She said: ‘The sunlight caused me so much pain that all I could think to do was call the reception. I stayed indoors vomiting and lying down.’

Around 4am the next day, Mrs Johnson woke up ‘feeling so unwell’ and asked the concierge to send up a doctor. ‘I thought I was dying,’ she said.

When she described how she was feeling, the unidentified doctor misdiagnosed the brain haemorrhage as a serious bout of food poisoning, she said.

Mrs Johnson was surprised her symptoms could be food poisoning but thought nothing more of his ‘hasty decision’ and paid him around £240. 

The next day, on her journey back to the UK, her condition deteriorated and said the drive from Gatwick to Sheffield was ‘the longest of my life’.

A few days later, she was still being sick and developed double vision, but claims she contacted opticians who turned her away.

The next day, on her journey back to the UK, her condition deteriorated and said the drive from Gatwick to Sheffield was 'the longest of my life' (pictured with Kye)

The next day, on her journey back to the UK, her condition deteriorated and said the drive from Gatwick to Sheffield was ‘the longest of my life’ (pictured with Kye)

She was transferred to the Royal Hallamshire Hospital and underwent a two hour procedure, where tiny platinum coils sealed off the aneurysm from the main artery (pictured with Phillip)

She was transferred to the Royal Hallamshire Hospital and underwent a two hour procedure, where tiny platinum coils sealed off the aneurysm from the main artery (pictured with Phillip)

She was rushed to Northern General Hospital after she collapsed at a friend’s house. A CT scan revealed she had a subarachnoid haemorrhage. 

A vessel in the right side of her brain had bulged from an aneurysm, typically caused by high blood pressure or particular physical effort or strain.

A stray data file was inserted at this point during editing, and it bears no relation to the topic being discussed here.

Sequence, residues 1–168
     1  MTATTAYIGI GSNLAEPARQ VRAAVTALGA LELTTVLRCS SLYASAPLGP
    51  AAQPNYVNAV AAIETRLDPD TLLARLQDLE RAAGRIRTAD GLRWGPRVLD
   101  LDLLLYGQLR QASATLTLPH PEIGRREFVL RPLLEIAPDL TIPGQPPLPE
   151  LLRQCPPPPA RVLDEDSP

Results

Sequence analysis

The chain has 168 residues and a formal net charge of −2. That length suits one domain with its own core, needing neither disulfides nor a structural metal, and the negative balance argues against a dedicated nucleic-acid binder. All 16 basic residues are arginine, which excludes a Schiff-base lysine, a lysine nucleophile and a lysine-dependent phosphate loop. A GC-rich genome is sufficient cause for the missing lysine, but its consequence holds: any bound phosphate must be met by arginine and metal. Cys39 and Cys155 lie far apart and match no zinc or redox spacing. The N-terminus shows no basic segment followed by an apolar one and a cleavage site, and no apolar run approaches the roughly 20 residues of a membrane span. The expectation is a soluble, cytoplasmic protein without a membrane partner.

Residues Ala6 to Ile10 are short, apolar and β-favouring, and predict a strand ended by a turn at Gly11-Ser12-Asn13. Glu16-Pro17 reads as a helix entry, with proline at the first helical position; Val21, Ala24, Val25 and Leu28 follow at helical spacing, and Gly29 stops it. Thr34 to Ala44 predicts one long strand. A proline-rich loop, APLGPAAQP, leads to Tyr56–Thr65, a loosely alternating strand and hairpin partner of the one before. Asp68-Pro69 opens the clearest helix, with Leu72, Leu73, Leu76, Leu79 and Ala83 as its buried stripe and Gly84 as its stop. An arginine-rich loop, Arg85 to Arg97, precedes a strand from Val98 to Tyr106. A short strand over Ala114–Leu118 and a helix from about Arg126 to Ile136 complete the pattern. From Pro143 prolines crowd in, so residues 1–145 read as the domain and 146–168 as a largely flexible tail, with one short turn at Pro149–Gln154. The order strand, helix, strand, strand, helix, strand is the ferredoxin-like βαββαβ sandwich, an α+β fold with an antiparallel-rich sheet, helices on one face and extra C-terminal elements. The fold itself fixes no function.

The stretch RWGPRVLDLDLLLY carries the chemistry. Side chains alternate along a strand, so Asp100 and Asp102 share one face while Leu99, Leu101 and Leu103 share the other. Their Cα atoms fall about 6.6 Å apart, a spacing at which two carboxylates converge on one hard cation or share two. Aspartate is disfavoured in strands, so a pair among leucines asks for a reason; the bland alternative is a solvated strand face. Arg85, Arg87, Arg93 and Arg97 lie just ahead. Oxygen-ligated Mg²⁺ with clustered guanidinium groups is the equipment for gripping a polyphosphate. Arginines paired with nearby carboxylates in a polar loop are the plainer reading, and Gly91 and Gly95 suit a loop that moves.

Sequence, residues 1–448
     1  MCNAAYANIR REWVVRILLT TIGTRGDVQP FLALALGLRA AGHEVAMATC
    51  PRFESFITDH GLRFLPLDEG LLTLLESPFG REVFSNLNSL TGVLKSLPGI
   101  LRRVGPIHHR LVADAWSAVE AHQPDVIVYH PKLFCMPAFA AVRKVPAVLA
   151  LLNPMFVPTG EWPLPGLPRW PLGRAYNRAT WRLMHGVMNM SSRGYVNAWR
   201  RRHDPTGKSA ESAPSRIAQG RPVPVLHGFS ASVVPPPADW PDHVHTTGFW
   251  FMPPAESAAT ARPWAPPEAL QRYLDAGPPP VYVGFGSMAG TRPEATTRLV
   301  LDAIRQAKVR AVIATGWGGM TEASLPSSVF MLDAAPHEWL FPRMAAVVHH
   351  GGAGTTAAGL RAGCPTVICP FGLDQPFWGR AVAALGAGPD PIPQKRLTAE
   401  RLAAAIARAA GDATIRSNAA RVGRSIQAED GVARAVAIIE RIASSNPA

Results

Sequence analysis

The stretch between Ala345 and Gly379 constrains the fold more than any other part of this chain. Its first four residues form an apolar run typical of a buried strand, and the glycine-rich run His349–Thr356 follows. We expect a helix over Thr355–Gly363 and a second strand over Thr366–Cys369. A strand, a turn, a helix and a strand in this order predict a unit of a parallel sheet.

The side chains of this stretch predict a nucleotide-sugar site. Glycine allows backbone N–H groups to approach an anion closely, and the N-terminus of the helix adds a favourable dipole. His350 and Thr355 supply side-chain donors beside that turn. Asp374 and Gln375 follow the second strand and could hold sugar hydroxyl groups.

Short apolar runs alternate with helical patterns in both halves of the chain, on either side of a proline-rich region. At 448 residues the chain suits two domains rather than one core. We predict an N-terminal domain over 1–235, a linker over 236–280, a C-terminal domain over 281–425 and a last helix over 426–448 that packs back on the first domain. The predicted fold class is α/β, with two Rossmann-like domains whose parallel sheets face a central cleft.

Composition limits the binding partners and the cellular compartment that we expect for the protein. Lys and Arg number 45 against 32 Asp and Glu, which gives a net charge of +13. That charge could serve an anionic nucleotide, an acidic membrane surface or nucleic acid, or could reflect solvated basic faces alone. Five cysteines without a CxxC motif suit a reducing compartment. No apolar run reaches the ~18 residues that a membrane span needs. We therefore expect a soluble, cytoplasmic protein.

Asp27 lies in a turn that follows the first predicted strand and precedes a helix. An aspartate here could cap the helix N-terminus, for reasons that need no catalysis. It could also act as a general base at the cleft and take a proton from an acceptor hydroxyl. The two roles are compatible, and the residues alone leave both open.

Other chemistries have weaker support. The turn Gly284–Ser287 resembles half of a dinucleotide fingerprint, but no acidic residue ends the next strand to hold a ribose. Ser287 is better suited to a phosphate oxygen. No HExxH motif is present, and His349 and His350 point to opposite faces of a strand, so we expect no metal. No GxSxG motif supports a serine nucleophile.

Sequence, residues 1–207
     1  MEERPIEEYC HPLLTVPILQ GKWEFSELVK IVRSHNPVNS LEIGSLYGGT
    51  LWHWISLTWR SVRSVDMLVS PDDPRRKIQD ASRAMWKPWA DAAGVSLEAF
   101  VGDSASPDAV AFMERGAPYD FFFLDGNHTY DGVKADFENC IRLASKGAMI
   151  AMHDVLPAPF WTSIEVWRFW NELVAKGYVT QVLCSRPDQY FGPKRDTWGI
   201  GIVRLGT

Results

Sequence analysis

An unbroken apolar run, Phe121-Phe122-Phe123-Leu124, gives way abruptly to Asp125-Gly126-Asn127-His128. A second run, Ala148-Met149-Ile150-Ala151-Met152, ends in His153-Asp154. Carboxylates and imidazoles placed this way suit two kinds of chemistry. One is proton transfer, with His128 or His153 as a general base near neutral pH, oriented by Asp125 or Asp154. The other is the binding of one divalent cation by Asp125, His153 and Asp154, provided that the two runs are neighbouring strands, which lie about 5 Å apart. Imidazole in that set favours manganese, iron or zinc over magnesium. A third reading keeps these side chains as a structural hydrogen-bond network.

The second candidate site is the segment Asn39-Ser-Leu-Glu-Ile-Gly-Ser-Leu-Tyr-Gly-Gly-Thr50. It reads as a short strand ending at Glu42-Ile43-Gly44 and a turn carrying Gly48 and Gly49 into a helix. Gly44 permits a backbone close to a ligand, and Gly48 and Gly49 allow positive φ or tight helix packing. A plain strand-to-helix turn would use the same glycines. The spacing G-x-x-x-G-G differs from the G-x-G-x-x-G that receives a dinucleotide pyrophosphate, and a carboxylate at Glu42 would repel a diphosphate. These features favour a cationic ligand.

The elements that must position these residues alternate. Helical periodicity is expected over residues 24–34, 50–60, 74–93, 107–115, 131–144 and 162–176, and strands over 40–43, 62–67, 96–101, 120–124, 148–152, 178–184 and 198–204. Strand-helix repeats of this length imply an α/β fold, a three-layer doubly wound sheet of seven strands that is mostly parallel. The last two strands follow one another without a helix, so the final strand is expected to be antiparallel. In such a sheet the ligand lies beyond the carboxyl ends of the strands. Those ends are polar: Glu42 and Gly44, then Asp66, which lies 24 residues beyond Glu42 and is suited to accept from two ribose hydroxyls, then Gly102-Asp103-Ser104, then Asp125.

She was transferred to the Royal Hallamshire Hospital and underwent a two hour procedure, where tiny platinum coils sealed off the aneurysm from the main artery.

Mrs Johnson was discharged after 10 days in intensive care, but requires having MRI scans every six months.

She no longer works and said her recovery has been ‘painful and slow’, and she still has difficulty speaking.

But she said she feels ‘blessed and lucky to be alive’, so the family is going back to the Cala Ferrera Hotel in Majorca this month to ‘celebrate being alive’. 

WHAT IS A SUBARACHNOID HAEMORRHAGE? 

A subarachnoid haemorrhage is an uncommon type of stroke caused by bleeding on the surface of the brain. It’s a very serious condition and can be fatal.

Subarachnoid haemorrhages account for around one in every 20 strokes in the UK.

There are usually no warning signs, but a subarachnoid haemorrhage sometimes happens during physical effort or straining, such as coughing, going to the toilet or lifting something heavy.

Symptoms:

  • A sudden agonising headache – which is often described as being similar to a sudden hit on the head, resulting in a blinding pain unlike anything experienced before
  • A stiff neck
  • Feeling and being sick
  • Sensitivity to light (photophobia)
  • Blurred or double vision
  • Stroke-like symptoms – such as slurred speech and weakness on one side of the body
  • Loss of consciousness or convulsions (uncontrollable shaking)

Treatment: A person with a suspected subarachnoid haemorrhage needs a CT scan in hospital to check for signs of bleeding around the brain.

If a diagnosis of subarachnoid haemorrhage is confirmed or strongly suspected, you’re likely to be transferred to a specialist neurosciences unit.

Medication will usually be given to help prevent short-term complications, and a procedure to repair the source of the bleeding may be carried out.

Medical information via the NHS official website

Source

Spread the love
  •  
  •  
  • 1
  •  
    1
    Share
  •  
    1
    Share
  •  
  •  
  • 1

Related posts

Leave a Comment